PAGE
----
• I contribute importantly to my family. I plan to become healthier and more fit so that I can participate more fully in family activities.
  • I exercise regularly and I enjoy it. I appreciate the positive health effects that physical activity provides. Each week I burn more than 2000 calories.
  • I keep records of all my food intake and my physical activity. I review them three times daily and plan for the next part of the day or tomorrow.
  • I only eat food that is healthy and nutritious for me, and I always eat the right amount.
  • While everything about my health is not under my control, I plan to do everything I can to enhance my health and wellness.

Action Items

·         Write out seven goals that reflect your own needs.

·         Read these goals aloud at least once daily.

·         Repeat specific goals—especially general ones about yourself when negative self-talk statements pop into your brain.

Self-talk is working for me and for many of my patients in health and weight management. It will work for you also!!!
Please post your comments. Best wishes.

Jim (nutdoc)

 

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Trouble remembering names?

Posted on October 1, 2010. Filed under: Uncategorized | Tags: , , , |

How to preserve and enhance cognition and brain function
Sometimes around 60 or older most people notice they don’t remember names like they used to. Often they can remember many details about an acquaintance they are seeing after a gap in time but the name doesn’t come right away. At 74, this is a major frustration for me.
Stimulated by my poor name memory, I have done some research in this area. The sad fact is that our mental or cognitive ability peaks at about age 25 and then declines about 1% per year thereafter. Thankfully our experience and wisdom compensates and most appear to gain intelligence through much of adult life. IQ testing does not capture all of our cognitive abilities but if it did, one could say that the average college graduate’s IQ declines about 40 points by age 70. Cognition is the mental process of acquiring knowledge, including aspects such as awareness, perception, reasoning, and judgment.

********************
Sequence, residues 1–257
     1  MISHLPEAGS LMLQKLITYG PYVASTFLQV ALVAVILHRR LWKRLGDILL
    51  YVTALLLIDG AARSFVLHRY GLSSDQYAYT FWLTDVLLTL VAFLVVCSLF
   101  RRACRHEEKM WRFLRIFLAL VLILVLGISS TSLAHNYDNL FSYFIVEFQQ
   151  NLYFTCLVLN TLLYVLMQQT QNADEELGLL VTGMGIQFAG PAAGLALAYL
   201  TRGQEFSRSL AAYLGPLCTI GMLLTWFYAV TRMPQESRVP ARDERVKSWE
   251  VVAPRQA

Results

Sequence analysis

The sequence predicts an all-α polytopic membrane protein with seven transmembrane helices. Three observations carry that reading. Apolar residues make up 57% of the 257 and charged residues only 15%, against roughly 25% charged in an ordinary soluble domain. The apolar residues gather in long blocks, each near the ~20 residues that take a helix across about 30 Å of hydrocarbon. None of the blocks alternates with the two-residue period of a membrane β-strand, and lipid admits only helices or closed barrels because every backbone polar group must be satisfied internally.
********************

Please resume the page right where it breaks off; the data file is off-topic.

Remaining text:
Physical activity is the best way of preserving our brain function. Countless studies indicate that those people who are physically active maintain cognitive ability better than couch potatoes. Probably it requires walking about 2 miles daily or spending about 40 minutes doing physical activity daily to preserve cognition. Several bouts of aerobic activity, where your heart rate gets up to about 120-130 beats per minute, weekly probably are required. Other things that help preserve cognition are eating a healthy diet that includes generous amounts of fruit (4 servings/day), vegetables (4 servings/day), and whole grains (3 servings/day). Eating fish or taking 2 fish oil daily capsules also help. Being socially active and doing mental gymnastics such as crossword puzzles also are protective from cognitive loss.
What appears to accelerate loss of brain function? Cigarette smoking, watching more than 2 hours of television daily, high animal fat intake from red meat, processed meat, and high fat dairy products and obesity are associated with more rapid decline in brain function.
Your health is in your hands. At any age after 25 you can begin the process of staying mentally alert and preserving your short term memory by exercising regularly, eating healthily, not smoking, and remaining socially active. These activities stimulate growth of new brain cells, enhance the connections between cells in the brain, and preserve the vital brain hormones, messengers and connections.
Please give me your comments and suggestions.
Jim Anderson